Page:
Immigration

Costa Rica agrees to issue visas to some 1,000 Cubans en route to U.S.

At the border crossing in Paso Canoas, a large group of Cubans block passage Friday as they protest authorities not letting them enter Nicaragua. The place is filled with people, including many sleeping on the floor.
At the border crossing in Paso Canoas, a large group of Cubans block passage Friday as they protest authorities not letting them enter Nicaragua. The place is filled with people, including many sleeping on the floor. Courtesy

The Costa Rican government has agreed to issue humanitarian visas to more than 1,000 undocumented Cubans detained in the Central American country, but will keep its borders closed to other Cuban migrants trying to move north toward the United States.

The government also emphasized Friday that it will try to deport to Panama any Cubans newly detained in Costa Rica without visas, as part of its decision — announced Wednesday — to reverse a long-standing policy of allowing the Cubans to continue moving north to neighboring Nicaragua.

The issue turned worse Friday morning when a protest by about 600 of the more than 1,000 Cubans detained in Paso Canoas, on the Costa Rican border with Panama, blocked the Inter-American highway, the region's main land transportation route, at least until late in the afternoon.

Two undocumented Cubans, Esdrey Roura and Mario José Pérez, meanwhile stripped down to their underwear and declared hunger strikes outside the main Migration Directorate office in San José to demand they be allowed to continue on their journey to the north.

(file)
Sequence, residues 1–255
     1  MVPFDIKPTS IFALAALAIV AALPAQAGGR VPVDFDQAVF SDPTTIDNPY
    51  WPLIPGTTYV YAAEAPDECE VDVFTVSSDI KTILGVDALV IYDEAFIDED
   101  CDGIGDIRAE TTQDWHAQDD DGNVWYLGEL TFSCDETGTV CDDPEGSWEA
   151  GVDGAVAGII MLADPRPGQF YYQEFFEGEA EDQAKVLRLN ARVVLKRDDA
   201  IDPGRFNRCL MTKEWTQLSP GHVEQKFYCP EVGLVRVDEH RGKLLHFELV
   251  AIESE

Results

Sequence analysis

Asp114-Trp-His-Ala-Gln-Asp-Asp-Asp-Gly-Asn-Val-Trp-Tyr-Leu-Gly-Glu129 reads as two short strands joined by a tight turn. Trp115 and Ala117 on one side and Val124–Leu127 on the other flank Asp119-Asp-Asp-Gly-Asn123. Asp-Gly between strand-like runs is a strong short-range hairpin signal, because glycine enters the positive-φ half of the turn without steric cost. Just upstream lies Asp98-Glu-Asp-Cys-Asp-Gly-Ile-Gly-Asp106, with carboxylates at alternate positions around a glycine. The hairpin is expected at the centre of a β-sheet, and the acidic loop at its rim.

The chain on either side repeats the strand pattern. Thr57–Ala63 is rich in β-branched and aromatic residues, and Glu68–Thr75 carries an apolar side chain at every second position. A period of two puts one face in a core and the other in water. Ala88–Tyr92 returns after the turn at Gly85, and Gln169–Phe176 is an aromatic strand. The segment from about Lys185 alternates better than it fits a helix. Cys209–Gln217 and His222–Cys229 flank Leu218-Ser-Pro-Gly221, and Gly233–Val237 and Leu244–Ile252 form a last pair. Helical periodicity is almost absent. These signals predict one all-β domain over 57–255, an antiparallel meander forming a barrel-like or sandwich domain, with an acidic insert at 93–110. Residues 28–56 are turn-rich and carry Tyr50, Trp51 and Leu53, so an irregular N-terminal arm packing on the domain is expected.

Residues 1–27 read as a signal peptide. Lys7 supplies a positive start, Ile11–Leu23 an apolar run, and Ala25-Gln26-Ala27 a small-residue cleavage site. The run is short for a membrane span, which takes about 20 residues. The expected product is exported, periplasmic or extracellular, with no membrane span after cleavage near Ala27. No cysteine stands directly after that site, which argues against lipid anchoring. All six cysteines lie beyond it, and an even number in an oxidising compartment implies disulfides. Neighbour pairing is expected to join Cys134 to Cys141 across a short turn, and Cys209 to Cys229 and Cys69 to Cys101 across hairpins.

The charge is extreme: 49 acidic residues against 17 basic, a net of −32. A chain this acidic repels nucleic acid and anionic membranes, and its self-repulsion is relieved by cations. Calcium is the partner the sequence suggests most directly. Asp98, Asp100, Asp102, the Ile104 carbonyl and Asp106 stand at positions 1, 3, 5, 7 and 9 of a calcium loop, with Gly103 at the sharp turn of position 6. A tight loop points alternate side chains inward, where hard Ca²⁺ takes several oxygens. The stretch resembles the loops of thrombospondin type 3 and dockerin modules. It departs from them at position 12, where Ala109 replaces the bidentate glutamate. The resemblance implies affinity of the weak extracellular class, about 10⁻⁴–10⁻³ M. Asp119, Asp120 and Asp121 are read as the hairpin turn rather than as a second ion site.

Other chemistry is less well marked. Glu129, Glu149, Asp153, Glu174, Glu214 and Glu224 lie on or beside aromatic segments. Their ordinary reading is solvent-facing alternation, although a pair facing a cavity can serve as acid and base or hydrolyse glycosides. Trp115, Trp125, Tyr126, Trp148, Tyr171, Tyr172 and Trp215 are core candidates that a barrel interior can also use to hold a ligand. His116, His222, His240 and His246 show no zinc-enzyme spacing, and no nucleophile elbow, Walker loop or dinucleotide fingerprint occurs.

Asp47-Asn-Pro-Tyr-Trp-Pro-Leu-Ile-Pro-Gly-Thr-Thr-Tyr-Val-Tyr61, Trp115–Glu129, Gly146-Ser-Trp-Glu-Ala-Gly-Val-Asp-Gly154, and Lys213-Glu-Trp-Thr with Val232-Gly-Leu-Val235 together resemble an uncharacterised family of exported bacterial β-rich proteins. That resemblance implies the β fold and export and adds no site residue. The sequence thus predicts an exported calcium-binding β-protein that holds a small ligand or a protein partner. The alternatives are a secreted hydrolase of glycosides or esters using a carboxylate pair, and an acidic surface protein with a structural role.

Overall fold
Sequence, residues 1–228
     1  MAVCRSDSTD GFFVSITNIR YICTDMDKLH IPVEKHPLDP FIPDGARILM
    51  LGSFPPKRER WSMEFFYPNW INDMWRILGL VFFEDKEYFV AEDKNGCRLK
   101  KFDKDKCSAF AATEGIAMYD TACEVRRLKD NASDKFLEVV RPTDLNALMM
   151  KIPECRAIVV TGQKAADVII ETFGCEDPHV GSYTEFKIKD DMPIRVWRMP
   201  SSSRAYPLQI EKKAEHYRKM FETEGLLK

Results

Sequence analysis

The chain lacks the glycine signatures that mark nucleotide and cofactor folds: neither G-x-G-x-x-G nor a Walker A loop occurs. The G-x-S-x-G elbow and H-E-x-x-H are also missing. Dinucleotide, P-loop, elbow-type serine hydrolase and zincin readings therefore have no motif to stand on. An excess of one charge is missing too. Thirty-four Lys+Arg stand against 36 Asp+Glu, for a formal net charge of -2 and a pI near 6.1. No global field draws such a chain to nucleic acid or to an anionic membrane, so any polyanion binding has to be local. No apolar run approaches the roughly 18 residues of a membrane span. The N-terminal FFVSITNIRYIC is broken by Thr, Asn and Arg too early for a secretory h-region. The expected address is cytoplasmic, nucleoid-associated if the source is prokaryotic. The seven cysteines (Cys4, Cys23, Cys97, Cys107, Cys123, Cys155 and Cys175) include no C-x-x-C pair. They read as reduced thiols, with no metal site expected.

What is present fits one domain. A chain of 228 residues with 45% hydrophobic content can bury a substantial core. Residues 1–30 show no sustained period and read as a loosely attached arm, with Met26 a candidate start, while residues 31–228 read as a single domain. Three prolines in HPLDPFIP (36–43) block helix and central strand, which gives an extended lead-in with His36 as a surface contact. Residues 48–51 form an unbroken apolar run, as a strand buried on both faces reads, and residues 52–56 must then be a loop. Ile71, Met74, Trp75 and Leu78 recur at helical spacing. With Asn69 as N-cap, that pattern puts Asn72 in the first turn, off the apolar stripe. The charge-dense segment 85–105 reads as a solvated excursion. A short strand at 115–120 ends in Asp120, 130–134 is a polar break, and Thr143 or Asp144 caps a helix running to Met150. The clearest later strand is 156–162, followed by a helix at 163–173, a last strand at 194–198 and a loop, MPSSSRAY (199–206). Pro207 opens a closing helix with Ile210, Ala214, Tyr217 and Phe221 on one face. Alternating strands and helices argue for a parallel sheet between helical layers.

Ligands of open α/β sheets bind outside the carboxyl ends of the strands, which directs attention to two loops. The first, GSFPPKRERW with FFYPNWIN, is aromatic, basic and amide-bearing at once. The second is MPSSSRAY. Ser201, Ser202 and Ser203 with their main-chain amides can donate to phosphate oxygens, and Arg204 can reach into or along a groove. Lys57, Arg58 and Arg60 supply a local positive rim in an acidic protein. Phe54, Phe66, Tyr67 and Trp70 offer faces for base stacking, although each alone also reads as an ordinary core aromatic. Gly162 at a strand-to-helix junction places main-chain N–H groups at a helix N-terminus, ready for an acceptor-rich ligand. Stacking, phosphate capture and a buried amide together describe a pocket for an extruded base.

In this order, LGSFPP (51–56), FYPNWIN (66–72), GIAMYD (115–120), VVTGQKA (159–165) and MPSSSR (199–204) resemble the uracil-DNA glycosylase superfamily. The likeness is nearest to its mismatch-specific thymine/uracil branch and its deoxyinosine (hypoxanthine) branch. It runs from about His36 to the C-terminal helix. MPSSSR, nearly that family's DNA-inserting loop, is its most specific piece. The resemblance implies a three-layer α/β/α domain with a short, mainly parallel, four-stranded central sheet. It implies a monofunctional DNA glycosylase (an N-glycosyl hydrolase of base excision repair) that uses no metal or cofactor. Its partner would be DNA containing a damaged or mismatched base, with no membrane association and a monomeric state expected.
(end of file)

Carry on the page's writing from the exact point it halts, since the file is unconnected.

“We will not dress and we will not eat again until we are turned over the U.S. authorities. That is our demand. We have been detained in this country for almost 15 days, for nothing. They say that this is a small country that has no regulations. We're not interested in the country or its regulations,” said Roura. “We are in transit and we have one goal, which is to reach the United States. Nothing less than that.”

Perez added: “We've had enough. They have been bouncing us this way and that way. We don't want to stay here. Our interest is reaching the United States, just that.”

Before Wednesday, Costa Rica, Panama and Mexico allowed Cubans without visas to enter their territory under a promise to seek refugee status, but then freed them and gave them several days to start the refugee paperwork — time enough to continue their journeys toward Mexico and the United States.

But after arresting more than a dozen Costa Rican members of a Cuban-smuggling ring on Tuesday, the Costa Rican government announced it would close its borders to arriving Cubans and return to Panama any migrants detained in their territory. Panama has refused to take them back.

The decision left more than 1,000 island citizens stranded in Paso Canoas – another 400 arrived since — and 200 to 300 in Peñas Blancas, on the northern border with Nicaragua. Authorities have said that the migrants on the northern border will be “deported” to Nicaragua after they finish some paperwork.

The Cuban migrants usually leave the island through Ecuador, which does not require them to obtain prior entry visas, then travel northward, most often with people smugglers through Colombia, Panama, Costa Rica, Nicaragua, Honduras, Guatemala and Mexico. The trip usually takes six to eight weeks and is paid for with money transfers along the way from relatives and friends in the United States.

Kattia Rodríguez, head of the Costa Rican Migration Directorate, has said that the current problems involve Cubans stranded when authorities arrested their smugglers, who charge from $7,500 to $15,000 to move them along the northern-bound pipeline.

Nearly 12,200 undocumented Cubans arrived in Costa Rica in just the first nine months of this year, compared to 5,114 in 2014 and 2,549 in 2013 — the year when the Cuban government lifted most of its tight controls on citizens who want to travel abroad.

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